Wednesday, May 11, 2016

LITS Student Employee Profile: Malosree Maitra on the LITS Web Team!

For seven of her eight very busy semesters at Mount Holyoke, Malosree Maitra has been a member of the LITS Web Team, tackling a wide variety of programming tasks, learning one new technology after another, and rising to every challenge we've presented her. We asked her to answer a few questions about her experience.

Malosree Maitra

Kolkata, India

Class Year:


Student Employee Position:
Web Programmer

When did you start working for the LITS Web Team?
Spring 2013

How did you hear about the position, and why were you interested?
I saw it posted on JobX. I applied because I'd learned a bit of programming during a gap year after high-school and was interested in an on-campus job that was unrelated to my major!

What is your favorite LITS Web project thus far? Least favorite?
My favorite project was the Digital Signage system that is currently being used by different departments for running slideshows at locations across campus. I don't really have a least favorite project.

How do you think this position has helped your professional development?
Starting with my first job interview ever and ending with a snippet of my code being accepted as part of a contributed Drupal module, this job has been a very important part of my Mount Holyoke experience. I have unexpectedly learned a lot about how modern web development is carried out and how our college website is built and run.

Favorite class at MHC?

Career goals?
I will be attending graduate school and want to pursue a career in neuroscience research.

Monday, April 25, 2016

Return of the bunnies!

Finals got you frantic? LITS can fix that. Join us for our Spring Study Break Tea, a.k.a. Tea and Buns!

Come to the Stimson Room on Library Level 6 this Wednesday, April 27 from 4-5pm. There will be snacks, button making, soothing sound generators, and - most importantly - baby bunnies! Take a break, cuddle a bunny, and feel all your finals stress melt away . . .

Image credit: Mary Stettner (with apologies to Edvard Munch and Mary Cassatt)

Thursday, April 21, 2016

Download older Moodle materials by June 12, 2016

In order to comply with copyright law, LITS must turn off student access to Moodle course sites a few weeks after grades are due.

If you wish to save copies of any Moodle materials from a Spring 2016 course site, please do so by Sunday, June 12, 2016. If you have an extension and require access to a course site beyond this date, please contact the course instructor.

Image credit: opensourceway via Compfight cc

Monday, April 18, 2016

Poetry all around

April is National Poetry Month! Need some ideas for getting your poetry fix?  Read on . . .


You'll find all of the library's most recently acquired poetry books in the lovely Stimson Room on library level 6.  This welcoming space - with lots of comfy seating - also houses the most recent issues of our print literary magazines and currently features a display of books by this year's Glascock Intercollegiate Poetry Competition poet judges.


Not only can you search the Five College Libraries Catalog to find collections by your favorite poets, you can also use the Advanced form to search for all works in the genre "poetry" and discover books by writers who are new to you.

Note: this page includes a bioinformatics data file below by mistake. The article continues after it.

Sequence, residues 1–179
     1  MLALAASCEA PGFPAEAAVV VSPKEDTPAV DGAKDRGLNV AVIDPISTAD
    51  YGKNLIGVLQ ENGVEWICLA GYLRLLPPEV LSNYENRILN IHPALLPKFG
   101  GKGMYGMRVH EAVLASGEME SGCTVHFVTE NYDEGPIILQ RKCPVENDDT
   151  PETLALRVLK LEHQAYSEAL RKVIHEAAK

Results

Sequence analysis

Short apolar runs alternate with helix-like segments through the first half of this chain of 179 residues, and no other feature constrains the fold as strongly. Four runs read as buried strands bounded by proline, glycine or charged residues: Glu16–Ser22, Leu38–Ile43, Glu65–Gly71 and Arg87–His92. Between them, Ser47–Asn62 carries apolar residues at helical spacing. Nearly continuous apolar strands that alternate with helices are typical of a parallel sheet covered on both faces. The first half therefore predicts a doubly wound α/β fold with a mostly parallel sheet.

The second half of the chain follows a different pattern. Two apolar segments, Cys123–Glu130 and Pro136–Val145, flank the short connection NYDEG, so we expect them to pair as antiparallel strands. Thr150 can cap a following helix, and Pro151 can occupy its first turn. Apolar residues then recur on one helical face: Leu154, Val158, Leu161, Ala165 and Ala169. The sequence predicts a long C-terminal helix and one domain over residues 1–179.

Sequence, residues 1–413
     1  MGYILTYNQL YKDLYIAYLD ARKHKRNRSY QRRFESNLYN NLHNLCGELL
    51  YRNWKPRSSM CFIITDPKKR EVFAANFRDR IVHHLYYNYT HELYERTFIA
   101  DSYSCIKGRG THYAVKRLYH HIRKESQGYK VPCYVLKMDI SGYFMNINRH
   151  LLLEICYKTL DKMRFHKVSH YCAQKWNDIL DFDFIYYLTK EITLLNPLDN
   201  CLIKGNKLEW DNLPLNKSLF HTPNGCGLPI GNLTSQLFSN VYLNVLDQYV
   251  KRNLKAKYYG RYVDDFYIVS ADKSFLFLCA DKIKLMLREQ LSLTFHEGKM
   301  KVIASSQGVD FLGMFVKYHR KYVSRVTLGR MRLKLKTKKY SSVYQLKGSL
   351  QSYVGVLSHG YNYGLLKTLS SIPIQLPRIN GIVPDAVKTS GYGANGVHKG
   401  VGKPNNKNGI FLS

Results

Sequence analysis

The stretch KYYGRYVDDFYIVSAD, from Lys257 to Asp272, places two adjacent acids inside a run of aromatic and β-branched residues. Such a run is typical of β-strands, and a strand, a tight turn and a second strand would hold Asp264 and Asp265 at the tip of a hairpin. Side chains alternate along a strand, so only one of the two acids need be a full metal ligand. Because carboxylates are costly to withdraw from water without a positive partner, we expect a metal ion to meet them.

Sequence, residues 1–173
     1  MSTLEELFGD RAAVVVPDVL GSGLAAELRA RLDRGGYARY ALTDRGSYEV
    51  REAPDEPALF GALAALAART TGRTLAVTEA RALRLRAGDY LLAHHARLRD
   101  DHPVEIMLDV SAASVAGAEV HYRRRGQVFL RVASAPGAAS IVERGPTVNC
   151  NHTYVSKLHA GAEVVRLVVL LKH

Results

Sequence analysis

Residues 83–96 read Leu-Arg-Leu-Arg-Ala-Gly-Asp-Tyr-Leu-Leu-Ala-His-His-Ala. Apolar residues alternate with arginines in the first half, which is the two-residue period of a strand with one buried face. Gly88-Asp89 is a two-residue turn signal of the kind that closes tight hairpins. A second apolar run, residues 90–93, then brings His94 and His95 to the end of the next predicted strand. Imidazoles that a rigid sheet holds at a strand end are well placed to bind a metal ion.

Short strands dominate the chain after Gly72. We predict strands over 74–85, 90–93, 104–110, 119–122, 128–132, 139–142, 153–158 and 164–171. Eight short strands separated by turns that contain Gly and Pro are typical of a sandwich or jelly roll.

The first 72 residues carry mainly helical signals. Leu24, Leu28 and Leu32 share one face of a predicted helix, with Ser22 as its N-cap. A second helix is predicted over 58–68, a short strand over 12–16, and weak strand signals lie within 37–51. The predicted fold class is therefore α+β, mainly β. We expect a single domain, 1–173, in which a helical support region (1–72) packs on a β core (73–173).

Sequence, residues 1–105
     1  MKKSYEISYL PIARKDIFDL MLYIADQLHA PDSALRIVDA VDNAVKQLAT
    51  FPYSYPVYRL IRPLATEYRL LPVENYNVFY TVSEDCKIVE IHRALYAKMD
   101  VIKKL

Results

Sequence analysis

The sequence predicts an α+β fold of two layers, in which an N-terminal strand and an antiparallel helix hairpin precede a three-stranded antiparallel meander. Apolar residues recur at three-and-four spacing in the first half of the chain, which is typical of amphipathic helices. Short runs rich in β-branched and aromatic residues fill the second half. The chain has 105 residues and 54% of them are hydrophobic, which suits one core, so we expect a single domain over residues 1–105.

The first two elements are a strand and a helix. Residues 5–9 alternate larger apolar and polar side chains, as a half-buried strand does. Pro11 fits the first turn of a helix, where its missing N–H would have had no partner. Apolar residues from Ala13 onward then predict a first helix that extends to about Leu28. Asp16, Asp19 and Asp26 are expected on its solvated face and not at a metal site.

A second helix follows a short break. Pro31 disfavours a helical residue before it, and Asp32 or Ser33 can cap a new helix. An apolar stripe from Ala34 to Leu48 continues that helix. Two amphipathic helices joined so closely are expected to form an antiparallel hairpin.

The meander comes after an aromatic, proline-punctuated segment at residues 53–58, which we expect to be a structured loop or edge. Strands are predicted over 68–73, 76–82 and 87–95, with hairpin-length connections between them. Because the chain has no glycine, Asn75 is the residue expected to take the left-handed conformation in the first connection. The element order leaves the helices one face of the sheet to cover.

Poems are often published individually or in anthologies featuring the work of multiple poets, too. Doing an author name search on the poet of your choice in Discover Supersearch's Advanced form is a good way to find poems published in magazines.

Columbia Granger's World of Poetry is another tool you can use to find poems by a favorite poet published in anthologies.  It includes the full text of some 250,000 poems, selected commentaries on poems, biographies of leading poets, and selected essays on the history and criticism of poetry, too.

Make poems come to you

Sign up to be emailed a Poem-a-Day (text and audio) for free from, the web site of the Academy of American Poets.  Tip: double-click in the "sign up" box, then enter your email address. Poetry Foundation, publisher of Poetry Magazine, also offers a Poem of the Day podcast service featuring poems read by poets and actors. Both services include contemporary as well as classic poetry, so it's a neat way to learn about new poets.

Join in the fun!

April 28 is Poem in your Pocket Day where you select a poem, put it in your pocket, carry it with you and share it with others you meet during the day. Tweet your poem, too, with hashtag #pocketpoem. You can download poems for your pocket here.

Monday, April 11, 2016

The Evolution of Mount Holyoke Literary Magazines. Part II

When Mount Holyoke’s literary magazine Tempo came to a close in 1953, students looked for another successful outlet to serve as the next generation of student-written publication. For many years Mount Holyoke published a first-year literary magazine designated specifically for that year's incoming class, thus they were named after that year's class animal, whether it be a sphinx, lion, griffon, or pegasus. Pegasus' magazine became particularly successful and consequently became Mount Holyoke’s official literary magazine in 1955. The promotion from first-year magazine to the stand alone magazine was very different from previous efforts to expand the audience. Instead of creating an entirely new literary magazine, students looked to an already successful outlet and chose to expand upon it.